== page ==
Monday, January 28, 2013

This is a drill.

This is my drill.
If it looks old, that's because it is. It belonged to my grandfather, a man that I never knew because he died when I was three, back in the days when we were still sending manned missions to the moon. After he died, this antique lay undisturbed in my grandmother's basement for 30+ years until I found it one day and took it home.
It still works, and it works well. It's big and heavy and maybe a bit slow, but it turns a bit like nothing else short of a drill press. Since I've had it, I've used it to repair my deck, install masonry lag bolts, and complete numerous smaller wood projects. Today I used it to drill holes for my newest reloading press. (More on the press later.) It drilled the mounting holes for my last press six years ago, too.

During all of these jobs, this old drill has never faltered once. I doubt that my grandfather had any idea when he bought this drill that it would still be going strong so many years later. I wish that he could see it today, and I wish that I could tell him "thanks".

Apparently the Ram Tool Corporation of Chicago, Illinois has gone the way of my grandfather as I can't find any listing for it today. Pity. They sure made good drills.


  1. Anonymous6:16 PM

    This is my drill. There are many like it, but this one is mine.
    My drill is my best friend. It is my life. I must master it as I must master my life.
    My drill, without me, is useless. Without my drill, I am useless. I must use my drill true. I must drill straighter than my enemy who is trying to drill me. I must drill him before he drills me. I WILL…
    My drill and myself know that what counts in this workshop is not the holes we bore, the noise of our motor, nor the shavings we make. We know that it is the holes that count. WE WILL BORE…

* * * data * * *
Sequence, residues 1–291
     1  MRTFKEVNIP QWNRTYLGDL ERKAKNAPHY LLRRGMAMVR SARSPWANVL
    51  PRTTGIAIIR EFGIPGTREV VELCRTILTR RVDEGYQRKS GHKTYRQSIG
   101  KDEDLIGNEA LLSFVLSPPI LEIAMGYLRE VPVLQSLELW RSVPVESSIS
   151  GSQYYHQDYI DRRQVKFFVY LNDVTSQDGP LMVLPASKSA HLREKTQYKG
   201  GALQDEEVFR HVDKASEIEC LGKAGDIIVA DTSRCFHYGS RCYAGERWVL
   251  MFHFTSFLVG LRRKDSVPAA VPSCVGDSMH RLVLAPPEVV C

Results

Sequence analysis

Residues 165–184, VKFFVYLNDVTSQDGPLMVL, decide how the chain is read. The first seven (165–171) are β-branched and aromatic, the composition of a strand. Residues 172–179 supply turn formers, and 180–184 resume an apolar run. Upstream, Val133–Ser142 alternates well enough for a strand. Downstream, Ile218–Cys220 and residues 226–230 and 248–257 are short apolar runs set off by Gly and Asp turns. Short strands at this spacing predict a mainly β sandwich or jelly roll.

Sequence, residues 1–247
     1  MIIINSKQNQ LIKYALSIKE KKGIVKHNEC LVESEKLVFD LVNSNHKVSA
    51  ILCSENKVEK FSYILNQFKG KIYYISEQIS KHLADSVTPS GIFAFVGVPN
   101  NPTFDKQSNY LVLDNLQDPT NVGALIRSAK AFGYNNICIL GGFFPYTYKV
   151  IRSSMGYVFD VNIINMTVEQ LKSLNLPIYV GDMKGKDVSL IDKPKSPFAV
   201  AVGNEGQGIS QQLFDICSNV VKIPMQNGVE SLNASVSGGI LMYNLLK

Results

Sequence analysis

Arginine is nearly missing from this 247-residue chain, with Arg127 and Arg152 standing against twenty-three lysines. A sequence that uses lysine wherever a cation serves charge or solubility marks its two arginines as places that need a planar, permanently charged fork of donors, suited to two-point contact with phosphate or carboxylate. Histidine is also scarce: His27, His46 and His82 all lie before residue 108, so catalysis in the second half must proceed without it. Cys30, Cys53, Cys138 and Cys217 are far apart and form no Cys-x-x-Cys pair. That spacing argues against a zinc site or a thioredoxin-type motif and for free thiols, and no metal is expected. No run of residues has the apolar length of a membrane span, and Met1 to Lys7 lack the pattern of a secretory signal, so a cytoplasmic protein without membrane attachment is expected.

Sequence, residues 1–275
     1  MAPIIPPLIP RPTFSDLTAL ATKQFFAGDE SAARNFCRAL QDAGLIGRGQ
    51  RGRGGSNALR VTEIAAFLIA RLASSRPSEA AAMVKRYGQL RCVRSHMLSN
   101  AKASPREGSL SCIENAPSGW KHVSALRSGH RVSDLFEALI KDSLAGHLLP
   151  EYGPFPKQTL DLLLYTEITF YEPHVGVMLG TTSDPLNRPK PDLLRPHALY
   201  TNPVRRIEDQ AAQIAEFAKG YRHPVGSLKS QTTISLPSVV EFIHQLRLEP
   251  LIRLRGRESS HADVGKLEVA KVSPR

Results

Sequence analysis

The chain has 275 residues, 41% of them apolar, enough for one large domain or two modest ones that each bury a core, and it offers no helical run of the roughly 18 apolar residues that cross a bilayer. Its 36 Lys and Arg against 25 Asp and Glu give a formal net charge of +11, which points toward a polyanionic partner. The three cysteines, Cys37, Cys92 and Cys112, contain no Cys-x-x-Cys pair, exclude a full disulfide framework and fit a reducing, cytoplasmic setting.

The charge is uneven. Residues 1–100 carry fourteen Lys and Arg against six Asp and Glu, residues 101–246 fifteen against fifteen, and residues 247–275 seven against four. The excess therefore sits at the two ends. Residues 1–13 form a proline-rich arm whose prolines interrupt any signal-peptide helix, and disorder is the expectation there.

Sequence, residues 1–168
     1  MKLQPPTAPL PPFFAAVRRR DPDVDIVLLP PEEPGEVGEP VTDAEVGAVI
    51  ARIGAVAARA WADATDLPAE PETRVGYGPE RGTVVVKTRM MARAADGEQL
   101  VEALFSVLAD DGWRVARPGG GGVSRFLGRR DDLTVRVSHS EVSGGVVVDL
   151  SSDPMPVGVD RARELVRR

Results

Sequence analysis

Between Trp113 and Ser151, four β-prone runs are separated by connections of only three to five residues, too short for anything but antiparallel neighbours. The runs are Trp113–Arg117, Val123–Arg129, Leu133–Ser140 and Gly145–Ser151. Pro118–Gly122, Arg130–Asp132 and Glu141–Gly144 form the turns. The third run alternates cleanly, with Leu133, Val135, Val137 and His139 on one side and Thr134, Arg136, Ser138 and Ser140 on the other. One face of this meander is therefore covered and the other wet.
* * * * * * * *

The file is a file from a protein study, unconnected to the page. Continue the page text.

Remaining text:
My drill is human, even as I, because it is my life. Thus, I will learn it as a brother. I will learn its weaknesses, its strength, its parts, its accessories, its trigger and its handle. I will ever guard it against the ravages of weather and damage as I will ever guard my legs, my arms, my eyes and my heart against damage. I will keep my drill clean and ready. We will become part of each other. WE WILL…
    Before God, I swear this creed. My drill and myself are the defenders of my country. We are the masters of our enemy. WE ARE THE SAVIORS OF MY LIFE.
    So be it, until victory is America’s and there is no enemy, but peace!(and a buncha holes)

  2. Those old drills will out last ALL of us...

  3. Drill, baby, drill!

    Seeing that pic, I had to go out to the garage to check my 1/2" keyless chuck (I actually prefer keyed) drill - turns out it's an ancient B&D, Towson, MD.

    I last used it with a 2-1/2 garden auger bit to start a t-post hole for a bird house Daughter wanted to put in the backyard.

  4. And I have my Dad's slide rule, with his name engraved on it, back from the 1950's. It still works.

    Dad's slide rule still is in very good condition. But it is no match for the electronic calculator, the laptop computer, or any of these other electronic gadgets which have made sliderules obsolete.

    My son has been talking about going into engineering.

    If he does, then I shall present him with his grandfather's slide rule.

    But I think I can safely bet the mortgage money that when my son needs to do some calculations, he will reach for his calculator.

    But he will keep the slide rule as a memento from his grandfather.

  5. Just make sure you replace the motor brushes before they wear out.

    I discovered the hard way that the case of my Dormeyer drill of similar vintage was tied to the neutral wire. Depending. I repaced the cord with a grounded one. Nowadays a GFCI cord from an old hairdryer would probably be a safer addition

  6. Nice drill you got there.

  7. Douglas has it right. Check the brushes, and replace if necessary. Otherwise it'll eat the commutators and you'll have a boat anchor. Any motor repair shop should be able to find new brushes for it.

    If you lube the bearings/bushings every few years, and replace the brushes as needed, it'll be working when they use it to drive the screws into your casket.

  8. Anonymous10:22 PM

    They don't make them like they used to

  9. That was back when they used to make them out of METAL!

    Not the cheap Chinese plastic crap we get now.